Last week saw increased international security concerns as North Korea claimed to have tested a hydrogen bomb and the conflict between Saudi Arabia and Iran took another turn for the worse. However, there has been no credible evidence that North Korea actually did test such a device, and even if it did, little is known of the weapon's characteristics. Similarly, Saudi Arabia's provocative behavior could be nothing more than a show of force. Even so, Russia cannot ignore either of these events and the risks that they bring.
The balance of power in the Middle East
Officially, the Kremlin has taken a neutral position, calling on Saudi Arabia and Iran to show restraint and negotiate. In all likelihood, however, their future model of behavior has not been fully developed, and even the involvement of a majority of regional players will not solve such a dilemma.
For Moscow, Iran is one of its most important partners in the Middle East. Both countries are fighting terrorists together in Iraq and Syria. Moreover, because terrorism represents an existential threat to both states, they could cooperate against terrorism and other areas as well, such as in Afghanistan and Tajikistan.
On the other hand, Saudi Arabia stands in opposition to Russia in Syria, is said to be one of the key sponsors of international terrorism, and supports the sharp fall in energy prices that has blown a hole in the Russian budget.
At the same time, realistically it is just such a neutral position that Moscow needs to take. Firstly, taking part in the conflict directly on Iran's side would seriously complicate Russia's relations with other Arab states, primarily those that, like Egypt, have decided not to support Saudi Arabia's position and have not broken off relations with Iran.
Secondly, Iran does not need Russia's help in its conflict with Saudi Arabia. It is clear that if current trends in the region continue, Riyadh would lose a war of attrition.
Thirdly, Moscow is not interested in seeing the Kingdom of Saudi Arabia suddenly and rapidly collapse, as this would strengthen Iran too much. And the Kremlin needs a balance of power in the region. However, taking a position of neutrality certainly does not mean ignoring and keeping out of the conflict.
Even so, there is not going to be a major armed conflict between the two regional powers in the near future. Saudi Arabia's aggression should be seen not as the prologue to a major regional war, but as actions aimed at building a wider anti-Iranian coalition in the region.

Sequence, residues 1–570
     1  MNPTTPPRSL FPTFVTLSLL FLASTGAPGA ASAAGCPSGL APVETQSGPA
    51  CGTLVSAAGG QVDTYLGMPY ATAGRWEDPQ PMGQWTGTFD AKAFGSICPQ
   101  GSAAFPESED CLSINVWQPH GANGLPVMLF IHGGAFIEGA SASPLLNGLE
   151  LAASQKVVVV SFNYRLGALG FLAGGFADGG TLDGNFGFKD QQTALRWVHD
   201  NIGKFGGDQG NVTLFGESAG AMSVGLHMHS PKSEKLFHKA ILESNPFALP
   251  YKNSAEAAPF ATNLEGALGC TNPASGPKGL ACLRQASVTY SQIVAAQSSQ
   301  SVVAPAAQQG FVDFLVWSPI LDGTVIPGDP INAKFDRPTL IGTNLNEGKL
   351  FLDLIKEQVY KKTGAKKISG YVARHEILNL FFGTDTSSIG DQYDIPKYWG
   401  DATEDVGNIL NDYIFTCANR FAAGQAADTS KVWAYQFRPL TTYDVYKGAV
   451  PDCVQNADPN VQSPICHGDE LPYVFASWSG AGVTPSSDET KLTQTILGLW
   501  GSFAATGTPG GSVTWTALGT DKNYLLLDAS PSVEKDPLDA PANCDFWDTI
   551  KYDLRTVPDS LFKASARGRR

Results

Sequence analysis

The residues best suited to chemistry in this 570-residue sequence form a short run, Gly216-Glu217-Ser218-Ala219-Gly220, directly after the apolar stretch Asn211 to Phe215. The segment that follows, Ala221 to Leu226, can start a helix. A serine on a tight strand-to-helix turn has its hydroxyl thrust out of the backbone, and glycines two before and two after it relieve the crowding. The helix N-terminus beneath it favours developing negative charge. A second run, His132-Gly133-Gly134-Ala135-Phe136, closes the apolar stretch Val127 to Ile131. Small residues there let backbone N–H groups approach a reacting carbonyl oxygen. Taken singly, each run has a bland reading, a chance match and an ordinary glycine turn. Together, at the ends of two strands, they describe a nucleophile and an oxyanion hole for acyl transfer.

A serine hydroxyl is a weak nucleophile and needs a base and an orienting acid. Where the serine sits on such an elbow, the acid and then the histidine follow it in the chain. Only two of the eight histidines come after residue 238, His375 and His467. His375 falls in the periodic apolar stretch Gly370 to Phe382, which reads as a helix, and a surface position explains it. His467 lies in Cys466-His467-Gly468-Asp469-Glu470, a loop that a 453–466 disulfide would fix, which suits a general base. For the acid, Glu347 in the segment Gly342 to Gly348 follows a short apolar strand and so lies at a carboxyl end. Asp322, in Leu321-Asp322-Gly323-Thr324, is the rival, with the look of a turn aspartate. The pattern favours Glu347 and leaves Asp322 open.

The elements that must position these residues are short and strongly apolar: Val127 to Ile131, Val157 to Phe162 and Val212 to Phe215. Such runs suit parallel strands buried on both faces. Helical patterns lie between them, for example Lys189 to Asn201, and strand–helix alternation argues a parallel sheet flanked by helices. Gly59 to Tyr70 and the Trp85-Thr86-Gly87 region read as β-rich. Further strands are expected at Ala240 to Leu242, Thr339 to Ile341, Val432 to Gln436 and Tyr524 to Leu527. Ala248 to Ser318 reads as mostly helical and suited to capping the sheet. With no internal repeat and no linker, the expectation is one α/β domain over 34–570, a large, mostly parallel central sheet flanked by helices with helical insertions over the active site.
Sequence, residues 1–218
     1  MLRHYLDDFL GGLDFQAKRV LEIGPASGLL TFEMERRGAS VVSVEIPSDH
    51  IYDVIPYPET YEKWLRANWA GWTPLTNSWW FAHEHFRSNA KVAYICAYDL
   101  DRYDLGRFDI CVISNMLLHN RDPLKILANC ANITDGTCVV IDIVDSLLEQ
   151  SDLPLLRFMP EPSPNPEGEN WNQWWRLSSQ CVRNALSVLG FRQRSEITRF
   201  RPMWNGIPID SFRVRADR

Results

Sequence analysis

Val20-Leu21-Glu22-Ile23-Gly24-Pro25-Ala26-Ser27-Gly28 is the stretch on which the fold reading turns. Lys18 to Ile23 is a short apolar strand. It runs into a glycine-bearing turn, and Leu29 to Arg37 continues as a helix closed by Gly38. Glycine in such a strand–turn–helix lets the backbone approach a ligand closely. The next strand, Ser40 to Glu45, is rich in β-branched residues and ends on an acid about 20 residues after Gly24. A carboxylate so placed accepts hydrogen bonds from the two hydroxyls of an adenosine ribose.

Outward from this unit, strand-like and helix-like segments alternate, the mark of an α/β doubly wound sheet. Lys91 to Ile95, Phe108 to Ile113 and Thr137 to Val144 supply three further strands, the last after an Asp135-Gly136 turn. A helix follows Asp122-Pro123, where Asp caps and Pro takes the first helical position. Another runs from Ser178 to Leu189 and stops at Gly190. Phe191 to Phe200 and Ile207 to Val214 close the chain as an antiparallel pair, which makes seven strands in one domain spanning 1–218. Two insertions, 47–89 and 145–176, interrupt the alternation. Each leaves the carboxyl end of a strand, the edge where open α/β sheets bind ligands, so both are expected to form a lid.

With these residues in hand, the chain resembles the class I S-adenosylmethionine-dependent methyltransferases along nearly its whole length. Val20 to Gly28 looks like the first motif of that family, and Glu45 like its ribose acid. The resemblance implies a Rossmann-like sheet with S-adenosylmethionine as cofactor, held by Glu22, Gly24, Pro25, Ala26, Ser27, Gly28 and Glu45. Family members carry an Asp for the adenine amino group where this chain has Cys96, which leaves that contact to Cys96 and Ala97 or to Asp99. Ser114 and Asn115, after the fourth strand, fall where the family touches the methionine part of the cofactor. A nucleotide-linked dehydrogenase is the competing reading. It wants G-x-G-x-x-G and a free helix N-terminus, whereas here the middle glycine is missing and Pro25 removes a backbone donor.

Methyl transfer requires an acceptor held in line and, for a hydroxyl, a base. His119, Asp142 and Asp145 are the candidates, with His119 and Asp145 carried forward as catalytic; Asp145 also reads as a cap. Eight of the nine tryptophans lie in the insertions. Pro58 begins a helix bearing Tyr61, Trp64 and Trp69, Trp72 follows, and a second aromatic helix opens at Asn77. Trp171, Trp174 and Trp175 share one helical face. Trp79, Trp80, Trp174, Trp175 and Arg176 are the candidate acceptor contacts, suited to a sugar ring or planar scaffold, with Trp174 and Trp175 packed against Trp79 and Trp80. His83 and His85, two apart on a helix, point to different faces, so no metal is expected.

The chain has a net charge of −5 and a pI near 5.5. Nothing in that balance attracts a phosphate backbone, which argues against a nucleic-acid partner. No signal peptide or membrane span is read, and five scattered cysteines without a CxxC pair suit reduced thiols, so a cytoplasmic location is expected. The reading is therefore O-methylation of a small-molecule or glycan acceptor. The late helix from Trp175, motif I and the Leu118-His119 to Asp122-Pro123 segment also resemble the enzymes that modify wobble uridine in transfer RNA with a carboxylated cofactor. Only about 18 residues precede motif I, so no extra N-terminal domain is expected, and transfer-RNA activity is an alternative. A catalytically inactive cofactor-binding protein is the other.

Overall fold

North Korea's nuclear tests
North Korea has announced its latest nuclear test – this time a hydrogen device that, according to the North Korean authorities, brings the country's capabilities to “a new level.”
Continue reading at Russia Direct
Waning of the Ukrainian crisis may recreate conditions favourable for the meeting between the Russian and Georgian leaders. However, normalization in relations of the two countries has distinctly set limits, for the global strategy of the Georgian leadership remains unchanged.
If Russia holds out until 2020 and all attempts by its enemies to bring it to economic collapse, chaos, and disintegration fail, then we can be certain that the era of Western dominance has ended. Thus, international relations will officially enter a new era.
The Russian-Belarusian Zapad (West) military exercises, which were held in the latter half of September, have disappointed many people. Comments made in the Western media before the exercises filled the readers with so much concern and apprehension that they thought it would be a second Baltic Offensive. It’s a pity that we have disappointed them.
Meanwhile, Western politicians have interpreted the authorization vote and the action in Crimea somewhat differently than Russian experts. So far, however, Russian authorities have been unmoved by threats of sanctions and visa bans, possibly because the stakes of backing down on Ukraine at the request of Western governments are higher than staying the course, as long as a full-scale war can be avoided.